This may have been the most appropriate question of the weekend...though you could throw "got squishy tires?" or "got a squishy suspension?" or "why on earth don't you have an anti-roll bar?" to the list as well.
As is evidenced by these pictures at Rallye Sanair 2013 (the first round of the Quebec Rally Championship) the NISMO Stuff Racing truck was perhaps not the most nimble of competitors at the event. OK...to be honest...a water buffalo is more nimble on a tarmac event like this than the wallowing monstrosity that is the NISMO Stuff Frontier. A HMMV might be more inappropriate for this type of tarmac rally--but only just barely.
Leaving Friday under wonderful conditions--in the 70s, first real shorts and tshirt weather of the year--the weekend appeared off to a good start. We (myself and my intrepid codriver, David Dennis) left EXACTLY on time (amazing how infrequently that happens in motorsports) had zero traffic and a very smooth ride some 4+ hours to the North to a town about 30 minutes Southeast of Montreal. The border crossing was backed up a tad as the border patrol was stopping and talking to everyone crossing due to the ongoing situation in Boston. Nevertheless, we crossed in a matter of moments into Canada and began converting kilometers to miles in our heads.
At the Hotel Bienvenue (which I have now renamed Hotel Au Revoir--as in...I'm happy to say goodbye!!) I was snookered into upgrading to the "suite" room for $30 more a night than I had intended when the neither French, nor English speaking woman behind the counter made it seem to me that the "suite" room was the only one available when in fact I don't think there were more than three other rooms taken during the whole weekend...Ahhhh, the enjoyment of travel!!
Forgoing the 30 minute ride into Montreal and an evening of strippers and Ste. Catherine St., we ran over to La Cage Aux Sports some ten minutes away, your typical Quebec sports bar for some typical sports bar food and beers. We were only the 4th English speaking guests our waiter had ever served and his English was not much better than my French, but hey, burgers are burgers and beer is pretty much beer wherever you go so we all got on fine. The whole town we were staying in smells permanently of brownies...as in...roll down your windows and you think you are swimming in the batter bowl of your mom's just baked fudge brownies on a cool fall day. Its heavenly--until it seems they burn all the residue from their ovens and the town smells like your mom got too wrapped up in watching "Day of Our Lives" and left them in far too long...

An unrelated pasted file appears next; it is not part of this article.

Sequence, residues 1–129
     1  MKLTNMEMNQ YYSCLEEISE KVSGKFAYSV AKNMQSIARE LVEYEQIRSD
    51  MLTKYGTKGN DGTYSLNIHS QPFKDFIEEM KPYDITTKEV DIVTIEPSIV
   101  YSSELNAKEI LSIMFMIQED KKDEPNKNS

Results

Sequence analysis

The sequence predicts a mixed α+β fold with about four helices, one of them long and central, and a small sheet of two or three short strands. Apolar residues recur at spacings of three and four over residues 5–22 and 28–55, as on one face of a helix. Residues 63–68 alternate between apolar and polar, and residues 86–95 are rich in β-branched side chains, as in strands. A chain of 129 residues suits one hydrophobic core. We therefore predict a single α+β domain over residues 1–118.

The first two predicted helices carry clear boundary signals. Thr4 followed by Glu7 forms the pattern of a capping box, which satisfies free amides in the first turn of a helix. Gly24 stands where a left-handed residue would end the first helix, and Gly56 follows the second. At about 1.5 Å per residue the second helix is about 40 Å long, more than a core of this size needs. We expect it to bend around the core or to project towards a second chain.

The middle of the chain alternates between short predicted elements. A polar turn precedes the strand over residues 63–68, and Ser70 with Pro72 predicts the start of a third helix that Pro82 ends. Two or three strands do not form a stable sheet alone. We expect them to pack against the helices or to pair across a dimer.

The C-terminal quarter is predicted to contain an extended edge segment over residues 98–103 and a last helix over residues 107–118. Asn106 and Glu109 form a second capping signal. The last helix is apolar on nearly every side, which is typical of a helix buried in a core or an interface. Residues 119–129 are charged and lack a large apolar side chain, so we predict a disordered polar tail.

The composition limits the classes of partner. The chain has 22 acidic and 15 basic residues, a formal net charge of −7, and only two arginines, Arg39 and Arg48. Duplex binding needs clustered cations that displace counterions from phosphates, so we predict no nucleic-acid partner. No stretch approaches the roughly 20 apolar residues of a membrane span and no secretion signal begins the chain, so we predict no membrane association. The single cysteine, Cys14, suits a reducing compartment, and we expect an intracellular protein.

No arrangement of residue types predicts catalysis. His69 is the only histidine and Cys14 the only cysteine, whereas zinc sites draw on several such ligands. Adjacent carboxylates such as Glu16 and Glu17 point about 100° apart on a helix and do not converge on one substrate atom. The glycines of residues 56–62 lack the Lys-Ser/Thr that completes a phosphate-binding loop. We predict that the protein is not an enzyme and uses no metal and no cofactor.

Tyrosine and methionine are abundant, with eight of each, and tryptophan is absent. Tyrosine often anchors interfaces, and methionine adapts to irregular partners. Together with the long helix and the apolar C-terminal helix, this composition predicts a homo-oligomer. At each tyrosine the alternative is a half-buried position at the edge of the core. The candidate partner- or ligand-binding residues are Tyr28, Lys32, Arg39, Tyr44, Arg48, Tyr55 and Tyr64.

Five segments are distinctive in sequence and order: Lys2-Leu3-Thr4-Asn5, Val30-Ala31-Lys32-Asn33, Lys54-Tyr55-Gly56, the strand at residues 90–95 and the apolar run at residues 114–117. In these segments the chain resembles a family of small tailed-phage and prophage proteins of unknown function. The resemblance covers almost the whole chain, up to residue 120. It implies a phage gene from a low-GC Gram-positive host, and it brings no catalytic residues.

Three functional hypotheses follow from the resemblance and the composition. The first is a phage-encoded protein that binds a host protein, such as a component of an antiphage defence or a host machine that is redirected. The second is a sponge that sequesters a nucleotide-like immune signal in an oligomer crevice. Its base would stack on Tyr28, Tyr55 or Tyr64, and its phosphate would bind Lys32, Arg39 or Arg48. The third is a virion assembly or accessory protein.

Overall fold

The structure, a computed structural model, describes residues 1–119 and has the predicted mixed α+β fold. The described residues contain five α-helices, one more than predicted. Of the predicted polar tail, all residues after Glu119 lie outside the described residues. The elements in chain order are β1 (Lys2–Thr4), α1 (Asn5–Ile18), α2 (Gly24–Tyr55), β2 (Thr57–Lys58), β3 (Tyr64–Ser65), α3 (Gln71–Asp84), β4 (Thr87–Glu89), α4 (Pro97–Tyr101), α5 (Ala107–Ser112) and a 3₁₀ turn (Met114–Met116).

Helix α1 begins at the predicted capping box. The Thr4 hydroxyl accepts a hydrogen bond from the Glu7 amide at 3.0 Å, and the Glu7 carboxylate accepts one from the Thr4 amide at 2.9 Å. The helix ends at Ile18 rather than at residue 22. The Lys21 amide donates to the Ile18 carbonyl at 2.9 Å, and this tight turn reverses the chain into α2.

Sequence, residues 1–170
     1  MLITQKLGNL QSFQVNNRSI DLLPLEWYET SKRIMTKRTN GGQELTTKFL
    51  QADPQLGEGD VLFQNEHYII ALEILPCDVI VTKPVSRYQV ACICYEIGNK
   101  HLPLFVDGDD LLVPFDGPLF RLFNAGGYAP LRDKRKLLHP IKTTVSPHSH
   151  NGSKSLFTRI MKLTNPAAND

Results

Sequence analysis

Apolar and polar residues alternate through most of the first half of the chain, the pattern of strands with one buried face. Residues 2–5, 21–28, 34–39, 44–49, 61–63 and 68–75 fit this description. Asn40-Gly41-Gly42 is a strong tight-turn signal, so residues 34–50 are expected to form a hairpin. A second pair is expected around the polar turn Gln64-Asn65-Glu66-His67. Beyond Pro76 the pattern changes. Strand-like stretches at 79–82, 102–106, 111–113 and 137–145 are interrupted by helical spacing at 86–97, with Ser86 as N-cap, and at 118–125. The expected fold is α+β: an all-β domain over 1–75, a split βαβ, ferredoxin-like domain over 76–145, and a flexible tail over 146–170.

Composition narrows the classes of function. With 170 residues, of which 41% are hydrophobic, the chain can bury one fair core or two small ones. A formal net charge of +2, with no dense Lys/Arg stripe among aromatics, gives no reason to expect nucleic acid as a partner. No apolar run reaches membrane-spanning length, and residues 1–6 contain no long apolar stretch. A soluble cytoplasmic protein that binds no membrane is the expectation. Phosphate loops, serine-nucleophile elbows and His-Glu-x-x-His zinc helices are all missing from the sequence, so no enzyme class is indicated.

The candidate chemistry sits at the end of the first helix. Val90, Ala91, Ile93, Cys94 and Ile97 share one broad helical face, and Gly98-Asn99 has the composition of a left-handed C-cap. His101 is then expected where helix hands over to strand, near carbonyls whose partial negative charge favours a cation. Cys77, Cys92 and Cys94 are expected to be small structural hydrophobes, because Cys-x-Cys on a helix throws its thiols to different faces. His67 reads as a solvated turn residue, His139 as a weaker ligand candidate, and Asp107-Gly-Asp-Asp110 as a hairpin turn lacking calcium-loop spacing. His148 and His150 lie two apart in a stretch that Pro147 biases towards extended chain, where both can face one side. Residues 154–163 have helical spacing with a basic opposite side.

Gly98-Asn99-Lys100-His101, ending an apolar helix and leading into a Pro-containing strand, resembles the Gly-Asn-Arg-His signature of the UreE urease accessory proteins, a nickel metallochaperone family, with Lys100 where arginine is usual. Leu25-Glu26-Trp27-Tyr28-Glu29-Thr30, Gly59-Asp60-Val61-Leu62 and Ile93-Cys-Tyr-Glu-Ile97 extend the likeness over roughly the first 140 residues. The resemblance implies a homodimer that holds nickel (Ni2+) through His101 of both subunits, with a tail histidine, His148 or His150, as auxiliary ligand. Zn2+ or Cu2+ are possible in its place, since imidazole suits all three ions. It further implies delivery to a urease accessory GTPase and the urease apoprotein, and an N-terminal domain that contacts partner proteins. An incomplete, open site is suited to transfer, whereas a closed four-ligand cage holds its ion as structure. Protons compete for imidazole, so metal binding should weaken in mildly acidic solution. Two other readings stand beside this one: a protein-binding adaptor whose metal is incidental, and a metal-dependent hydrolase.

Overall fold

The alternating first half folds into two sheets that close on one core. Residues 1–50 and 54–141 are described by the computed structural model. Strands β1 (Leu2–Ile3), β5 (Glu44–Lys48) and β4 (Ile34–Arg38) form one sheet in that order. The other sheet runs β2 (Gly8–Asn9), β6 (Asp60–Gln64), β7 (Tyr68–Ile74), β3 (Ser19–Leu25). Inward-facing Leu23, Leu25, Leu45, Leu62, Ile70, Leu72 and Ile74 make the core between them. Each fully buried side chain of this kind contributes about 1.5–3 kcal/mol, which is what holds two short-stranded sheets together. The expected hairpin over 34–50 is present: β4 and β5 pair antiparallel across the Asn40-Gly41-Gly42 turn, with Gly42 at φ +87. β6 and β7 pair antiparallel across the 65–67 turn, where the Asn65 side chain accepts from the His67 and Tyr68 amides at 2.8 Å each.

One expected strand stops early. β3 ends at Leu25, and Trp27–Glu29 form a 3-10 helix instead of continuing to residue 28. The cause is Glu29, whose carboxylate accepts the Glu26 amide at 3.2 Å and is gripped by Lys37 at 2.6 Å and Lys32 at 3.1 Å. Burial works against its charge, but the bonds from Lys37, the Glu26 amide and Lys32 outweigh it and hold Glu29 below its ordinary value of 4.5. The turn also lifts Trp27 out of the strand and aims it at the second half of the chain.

Anywho...early to bed, early to rise makes a rally team healthy, wealthy and wise (OK these three things do NOT describe any rally teams I've made friends with!!) and we were at the Sanair track early the next morning for our 7AM inspection which was completed in short order with about 1/2 the event staff speaking English and willing to translate for those who did not. No issues with the truck were found and it was passed quickly and moved back to its pit stall. One nice thing the Quebec Rally series does is provide yellow with red lettering 2x2 stickers to affix to your vehicle pointing to where your fire extinguishers and first aid kit are located. For this event the staff also installed a transponder in the truck in order to facilitate the tracking of your various laps. As David and I went and parked our race vehicle it garnered a ton of attention from the 200 some spectators who had showed up from the surrounding communities to take in the event--Oh, and did I mention that the lovely 70 degree temps of the day before had now dropped to the low 40s's and the wind had come up to a "brisk" 20-30 mph blow?